Adriana García, JD
Program Officer, Bill and Melinda Gates Foundation
Los Angeles, CA
Adriana García is the former Director of the Office of Immigrant Affairs for the City of Los Angeles and is currently a Program Officer for the Bill and Melinda Gates Foundation. Ms. Garcia graduated from Yale University with a Bachelor of Arts in Political Science and Ethnicity, Race, and Migration in 2008. She earned her Juris Doctorate from Columbia University in 2012. She has held the title of Patiño Fellow since Graduation from Columbia.
Ms. García grew up as the oldest of four in a working-class Latino neighborhood in southern California. Early on, she became aware of the struggles of immigrant families like her own, especially while watching her parents navigate systems to support her younger brother who has special needs. She became determined to make a positive impact on the world by addressing social and racial inequities.
While studying at Yale, she learned the ropes of advocacy and organizing, fighting against xenophobic bills in Congress alongside her classmates. After graduating from college, Ms. García debated whether she could have the greatest impact through a legal education or a masters program in public policy. During her time participating in the Coro Fellows Program in Public Affairs in New York City, she decided on law school. During her time at Columbia Law School, she remained committed to a career in public interest and served as the president of the Society for Immigrant and Refugee Rights and externed at the U.S. Department of Labor.
After law school, Ms. García served as a legal fellow at the Mexican American Legal Defense and Educational Fund and the California Department of Fair Employment of Housing, where she largely focused on civil rights matters impacting different communities, including immigrants. During this time, she became determined to apply her knowledge of civil and constitutional law to advancing the rights of immigrants and refugees in the U.S. through public policy.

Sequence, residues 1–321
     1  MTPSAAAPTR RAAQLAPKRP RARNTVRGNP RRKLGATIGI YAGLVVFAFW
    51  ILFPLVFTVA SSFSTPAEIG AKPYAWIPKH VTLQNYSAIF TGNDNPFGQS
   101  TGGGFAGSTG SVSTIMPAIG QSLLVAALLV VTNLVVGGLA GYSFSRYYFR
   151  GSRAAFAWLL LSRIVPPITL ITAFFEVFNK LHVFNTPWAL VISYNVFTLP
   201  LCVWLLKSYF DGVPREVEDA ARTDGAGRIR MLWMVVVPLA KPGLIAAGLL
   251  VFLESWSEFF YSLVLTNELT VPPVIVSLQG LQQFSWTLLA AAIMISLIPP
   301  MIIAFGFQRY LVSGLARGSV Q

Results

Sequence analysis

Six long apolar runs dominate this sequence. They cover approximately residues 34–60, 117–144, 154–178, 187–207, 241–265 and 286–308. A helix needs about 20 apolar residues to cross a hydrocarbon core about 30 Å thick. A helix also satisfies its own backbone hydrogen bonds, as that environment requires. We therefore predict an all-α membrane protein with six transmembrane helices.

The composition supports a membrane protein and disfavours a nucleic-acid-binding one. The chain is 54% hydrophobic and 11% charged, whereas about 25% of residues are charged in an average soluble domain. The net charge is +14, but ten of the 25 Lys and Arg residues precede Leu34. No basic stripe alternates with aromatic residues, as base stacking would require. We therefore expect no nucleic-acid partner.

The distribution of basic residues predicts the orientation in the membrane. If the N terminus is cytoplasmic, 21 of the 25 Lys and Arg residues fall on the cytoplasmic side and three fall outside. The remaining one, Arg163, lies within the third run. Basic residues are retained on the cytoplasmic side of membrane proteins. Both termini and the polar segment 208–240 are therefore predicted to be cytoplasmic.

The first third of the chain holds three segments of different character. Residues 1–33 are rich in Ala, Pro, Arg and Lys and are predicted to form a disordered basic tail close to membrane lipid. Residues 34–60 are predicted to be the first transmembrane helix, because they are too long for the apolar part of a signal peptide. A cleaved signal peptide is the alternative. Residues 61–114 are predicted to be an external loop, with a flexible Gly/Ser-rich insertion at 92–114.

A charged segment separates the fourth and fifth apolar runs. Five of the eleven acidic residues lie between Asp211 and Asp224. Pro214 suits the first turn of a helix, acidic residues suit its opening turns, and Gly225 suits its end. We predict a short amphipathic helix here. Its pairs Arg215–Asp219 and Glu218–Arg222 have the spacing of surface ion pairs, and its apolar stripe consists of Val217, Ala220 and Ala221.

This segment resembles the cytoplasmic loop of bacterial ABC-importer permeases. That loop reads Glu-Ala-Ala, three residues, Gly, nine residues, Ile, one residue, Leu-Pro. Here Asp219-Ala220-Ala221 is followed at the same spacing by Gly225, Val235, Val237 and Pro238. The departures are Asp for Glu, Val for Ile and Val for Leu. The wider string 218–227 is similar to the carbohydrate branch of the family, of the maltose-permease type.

Ms. García has held a number of public policy positions including, most recently, Associate Director of the Office of Immigrant Affairs under former Los Angeles Mayor Eric Garcetti – a position she was appointed to as a result of her expertise and previous policy work under former New York City Mayor Bill de Blasio.
Growing up in an immigrant household in the greater Los Angeles area, Ms. García was acutely aware that language was a huge artificial barrier to accessing public services and programs. While working for the City of Los Angeles, Ms. García led the team that made language access a major topic for the Mayor’s Office, making residents whose first language is not English a priority. Through her advocacy and leadership, her team created, and eventually implemented, what became the first-ever language access policy for the City of Los Angeles.
Ms. García observed through her work in major U.S. cities that private funding and philanthropy can help fill urgent needs that the government cannot. Today, Ms. García is using her public policy and social justice background to bring the full power of philanthropy to bear on bridging those gaps through her work at the Bill and Melinda Gates Foundation.
Ms. García on policy advocacy:
“Be patient and be strategic. For the language access program, there was not a lot of traction due to other priorities and the tremendous cost, but COVID-19 hit and suddenly, we had to get important, life-saving messages out in multiple languages. The need became urgent and we already had policy proposals to address the issue. We were ready and found our opportunity during a moment of crisis.”
On the Tony Patiño Fellowship
“The Fellowship was key to my success in law school. First, the financial assistance was a huge stress reliever. Coming from a low-income background, asking my family for assistance was not an option. The funds helped me reduce my loans, overall… Second, I met people who got me through law school with their guidance and care and who are now some of my closest life friends. The Fellows-Elect ahead of me were incredible, one in particular was like a sister to me while I lived in New York City. Finally, the broader network was just amazing, especially during law school. I could always count on Bob (Magnanini) for advice, to celebrate our achievements, and to help us simply have a good time.”
Advice for current and future Fellows-Elect:
“Be open to changing your mind. Be open to career pivots. As lawyers, we tend to be very regimented, welcome the unexpected and get comfortable with change.”
Profile written by Sam Ruby (UC Law SF, Class of 2024)